Saints Simon and Jude
Very little is known about these saints beyond them being mentioned as Apostles in the New Testament. Their feasts are celebrated on the same day possibly because they both preached the Gospel in Mesopotamia and Persia (where it is said they had both been sent).
Simon is called either the Canaanite or the Zealot (references to be found in Matthew, Mark, Luke and the Acts of the Apostles), in order to distinguish him from Simon Peter. After Pentecost, there are no more references to Simon in the New Testament. There are a number of legends, however, that focus on his life after Pentecost and his martyrdom.
It is said that, after he preached in Egypt, he joined Jude in Mesopotamia, after which they both traveled to Persia. It is in Persia that they were martyred (in Sufian / Siani). One story has it that Simon’s throat was cut, whilst another states that he was sawn in half.
It is interesting to mention that there is even another legend that mentions Simon traveling to Glastonbury, England and being martyred in Lincolnshire!
Regarding Jude: references are made to this Apostle in Luke, John and in the Acts of the Apostles. He is commonly identified with Thaddaeus, who is mentioned as part of the list of Apostles in Matthew and Mark (where there is no mention of Jude). As with Simon, nothing is certain regarding the facts of his life after Pentecost. Legends abound, however, including that mentioned above (his travels with Simon to Persia and their subsequent martyrdom).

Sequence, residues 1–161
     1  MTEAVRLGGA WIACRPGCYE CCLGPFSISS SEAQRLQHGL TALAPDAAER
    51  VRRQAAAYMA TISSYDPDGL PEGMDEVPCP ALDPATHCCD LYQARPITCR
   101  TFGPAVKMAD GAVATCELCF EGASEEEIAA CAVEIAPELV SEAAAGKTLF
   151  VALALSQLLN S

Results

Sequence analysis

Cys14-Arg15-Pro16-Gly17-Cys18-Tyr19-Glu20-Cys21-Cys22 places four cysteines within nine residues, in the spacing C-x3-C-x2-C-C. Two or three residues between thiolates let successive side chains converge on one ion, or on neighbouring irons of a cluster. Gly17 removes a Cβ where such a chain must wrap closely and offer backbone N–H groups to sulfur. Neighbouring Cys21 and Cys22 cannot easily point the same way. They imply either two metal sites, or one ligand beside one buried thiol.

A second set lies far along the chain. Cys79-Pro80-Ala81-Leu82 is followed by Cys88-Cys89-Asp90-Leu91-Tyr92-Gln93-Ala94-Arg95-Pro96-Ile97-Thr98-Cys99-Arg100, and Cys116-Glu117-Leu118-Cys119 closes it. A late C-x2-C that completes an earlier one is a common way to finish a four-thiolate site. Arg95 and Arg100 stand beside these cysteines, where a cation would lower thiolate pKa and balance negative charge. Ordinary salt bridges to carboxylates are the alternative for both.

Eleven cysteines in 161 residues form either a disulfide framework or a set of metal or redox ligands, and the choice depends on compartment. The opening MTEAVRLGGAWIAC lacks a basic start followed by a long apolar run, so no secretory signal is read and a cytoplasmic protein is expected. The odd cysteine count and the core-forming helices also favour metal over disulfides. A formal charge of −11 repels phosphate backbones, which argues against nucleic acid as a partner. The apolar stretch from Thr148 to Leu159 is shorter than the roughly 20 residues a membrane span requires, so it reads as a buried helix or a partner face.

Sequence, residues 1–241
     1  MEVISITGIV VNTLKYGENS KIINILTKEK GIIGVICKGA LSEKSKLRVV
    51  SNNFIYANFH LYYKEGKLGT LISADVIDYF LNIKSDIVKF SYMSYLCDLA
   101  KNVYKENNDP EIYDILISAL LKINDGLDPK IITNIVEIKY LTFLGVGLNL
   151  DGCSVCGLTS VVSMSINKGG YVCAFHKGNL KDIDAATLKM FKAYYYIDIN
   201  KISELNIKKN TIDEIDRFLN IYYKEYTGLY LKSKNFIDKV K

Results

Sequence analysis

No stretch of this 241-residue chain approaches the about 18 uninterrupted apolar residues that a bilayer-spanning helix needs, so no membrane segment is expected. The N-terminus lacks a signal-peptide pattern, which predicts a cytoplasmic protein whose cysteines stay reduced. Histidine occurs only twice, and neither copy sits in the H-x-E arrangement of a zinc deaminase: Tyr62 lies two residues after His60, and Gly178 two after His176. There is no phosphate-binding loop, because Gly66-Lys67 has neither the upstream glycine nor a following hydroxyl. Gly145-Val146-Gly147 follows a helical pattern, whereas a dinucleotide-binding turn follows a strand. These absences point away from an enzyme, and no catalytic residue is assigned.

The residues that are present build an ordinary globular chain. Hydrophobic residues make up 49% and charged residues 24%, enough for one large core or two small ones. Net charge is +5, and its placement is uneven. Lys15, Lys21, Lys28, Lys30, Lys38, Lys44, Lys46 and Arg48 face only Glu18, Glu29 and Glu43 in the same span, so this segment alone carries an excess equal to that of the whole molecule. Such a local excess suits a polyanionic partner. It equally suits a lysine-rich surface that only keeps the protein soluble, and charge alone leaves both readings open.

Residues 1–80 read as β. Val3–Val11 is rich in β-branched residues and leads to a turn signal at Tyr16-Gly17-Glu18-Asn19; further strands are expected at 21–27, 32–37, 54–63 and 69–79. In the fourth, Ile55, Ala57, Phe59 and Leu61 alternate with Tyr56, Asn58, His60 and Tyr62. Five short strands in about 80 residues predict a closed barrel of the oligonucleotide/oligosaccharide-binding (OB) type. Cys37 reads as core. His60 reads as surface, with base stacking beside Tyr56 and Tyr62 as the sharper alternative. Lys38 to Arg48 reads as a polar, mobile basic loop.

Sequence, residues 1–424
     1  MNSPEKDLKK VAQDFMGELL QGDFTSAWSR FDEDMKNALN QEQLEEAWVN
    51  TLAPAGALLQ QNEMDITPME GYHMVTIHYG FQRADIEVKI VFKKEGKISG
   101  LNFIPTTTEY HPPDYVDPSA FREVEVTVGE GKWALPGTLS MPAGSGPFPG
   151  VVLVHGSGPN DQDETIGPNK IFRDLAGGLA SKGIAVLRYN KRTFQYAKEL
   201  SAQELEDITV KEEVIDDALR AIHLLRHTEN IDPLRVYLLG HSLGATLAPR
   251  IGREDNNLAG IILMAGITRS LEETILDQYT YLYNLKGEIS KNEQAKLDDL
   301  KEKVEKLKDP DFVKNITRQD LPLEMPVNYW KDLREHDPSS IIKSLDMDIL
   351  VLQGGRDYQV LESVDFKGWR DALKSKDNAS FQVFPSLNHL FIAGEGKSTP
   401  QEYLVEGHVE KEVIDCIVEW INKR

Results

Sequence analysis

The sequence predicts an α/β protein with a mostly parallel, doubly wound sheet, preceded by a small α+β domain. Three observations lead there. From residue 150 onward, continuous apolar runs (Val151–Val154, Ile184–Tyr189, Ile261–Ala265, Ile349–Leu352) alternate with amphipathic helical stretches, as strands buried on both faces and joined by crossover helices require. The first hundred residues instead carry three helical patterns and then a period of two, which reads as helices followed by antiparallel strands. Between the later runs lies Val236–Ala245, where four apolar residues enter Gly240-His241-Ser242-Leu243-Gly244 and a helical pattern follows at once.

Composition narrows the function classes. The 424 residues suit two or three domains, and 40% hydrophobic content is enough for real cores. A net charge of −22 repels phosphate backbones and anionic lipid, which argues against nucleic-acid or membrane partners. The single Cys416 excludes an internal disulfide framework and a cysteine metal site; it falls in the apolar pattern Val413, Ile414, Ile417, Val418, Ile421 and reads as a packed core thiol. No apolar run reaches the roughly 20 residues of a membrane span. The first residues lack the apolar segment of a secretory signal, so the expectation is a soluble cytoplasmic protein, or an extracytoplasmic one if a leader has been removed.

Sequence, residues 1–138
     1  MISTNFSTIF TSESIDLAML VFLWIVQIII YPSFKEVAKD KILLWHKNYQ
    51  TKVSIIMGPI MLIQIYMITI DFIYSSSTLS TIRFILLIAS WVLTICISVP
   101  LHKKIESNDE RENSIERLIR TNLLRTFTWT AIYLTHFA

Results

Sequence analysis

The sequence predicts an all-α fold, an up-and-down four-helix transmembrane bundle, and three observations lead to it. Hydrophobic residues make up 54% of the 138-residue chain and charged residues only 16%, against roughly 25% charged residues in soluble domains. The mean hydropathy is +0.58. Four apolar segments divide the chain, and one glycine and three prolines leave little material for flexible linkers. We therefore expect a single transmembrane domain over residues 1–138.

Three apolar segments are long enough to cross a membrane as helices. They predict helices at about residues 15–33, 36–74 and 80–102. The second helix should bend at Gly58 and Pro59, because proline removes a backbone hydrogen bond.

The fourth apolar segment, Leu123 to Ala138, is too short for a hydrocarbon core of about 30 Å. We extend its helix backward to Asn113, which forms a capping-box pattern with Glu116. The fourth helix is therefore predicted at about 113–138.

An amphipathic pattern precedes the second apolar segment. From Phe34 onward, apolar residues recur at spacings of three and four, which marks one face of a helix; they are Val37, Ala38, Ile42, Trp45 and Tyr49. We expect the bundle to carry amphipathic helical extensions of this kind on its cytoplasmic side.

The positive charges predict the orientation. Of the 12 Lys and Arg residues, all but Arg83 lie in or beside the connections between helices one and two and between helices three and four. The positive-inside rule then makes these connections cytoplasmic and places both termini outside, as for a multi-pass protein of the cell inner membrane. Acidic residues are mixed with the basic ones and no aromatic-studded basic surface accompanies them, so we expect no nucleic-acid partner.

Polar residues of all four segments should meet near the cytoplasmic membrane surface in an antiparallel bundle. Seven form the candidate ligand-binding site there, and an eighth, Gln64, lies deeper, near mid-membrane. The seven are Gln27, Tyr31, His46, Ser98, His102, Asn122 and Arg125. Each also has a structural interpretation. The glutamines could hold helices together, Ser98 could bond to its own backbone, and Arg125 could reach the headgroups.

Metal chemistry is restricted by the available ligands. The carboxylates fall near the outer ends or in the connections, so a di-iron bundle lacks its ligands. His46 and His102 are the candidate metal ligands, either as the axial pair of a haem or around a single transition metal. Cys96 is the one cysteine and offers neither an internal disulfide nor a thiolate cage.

Jude is known as the patron saint of hopeless cases. It is said that this is due to the fact that no one wanted to pray to him because he name was so similar to that of Judas Iscariot. Only those who had tried every other option would then, in a final act of desperation, pray to him!
Simon and Jude For Today
We know so little of these two saints, yet what wonderful examples they set for us! They continue to show us the importance of following Christ and spreading the Gospel.
Apostle, Martyr, Preacher
Cana or Canaan
circa 107, place of death disputed. Possibly Pella, Armenia; Suanir, Persia; Edessa, Caistor
Relics claimed by many places, including Toulouse; Saint Peter's Basilica
curriers; sawyers; tanners
boat; cross and saw; fish (or two fishes); lance; man being sawn in two longitudinally; fish and book; two fishes; lance; fuller's bat; axe; cross; saw and oar saltire; fish on a boat hood; sword; shield: red background with two oars and a hatchet
Apostle and Martyr
1st century AD
Roman Province of Galilee
1st century AD
Roman Province of Syria
Saint Peter's, Rome, Reims,Toulouse, France
Armenia, lost causes, desperate situations, hospitals and hospital workers, St. Petersburg, Florida, Cotta Lucena City Quezon,Philippines the Chicago Police Department, Clube de Regatas do Flamengo from Rio de Janeiro, Brazil and Sibalom, Antique,Philippines
Boat, oar, medallion, Bearded man holding an oar, a boat, boat hook, a club, an axe or a book; nearly every image depicts him wearing a medallion with a profile of Jesus, and usually with a small flame above his head; often carries a pen or sits at a writing location to make reference to the canonical Epistle; sailboat; inverted cross; square; halbert; loaves and fish; long cross; knotted club; fuller's bat; lance; saw; flail; closed book; shield: red with sailboat with a cross on the mast.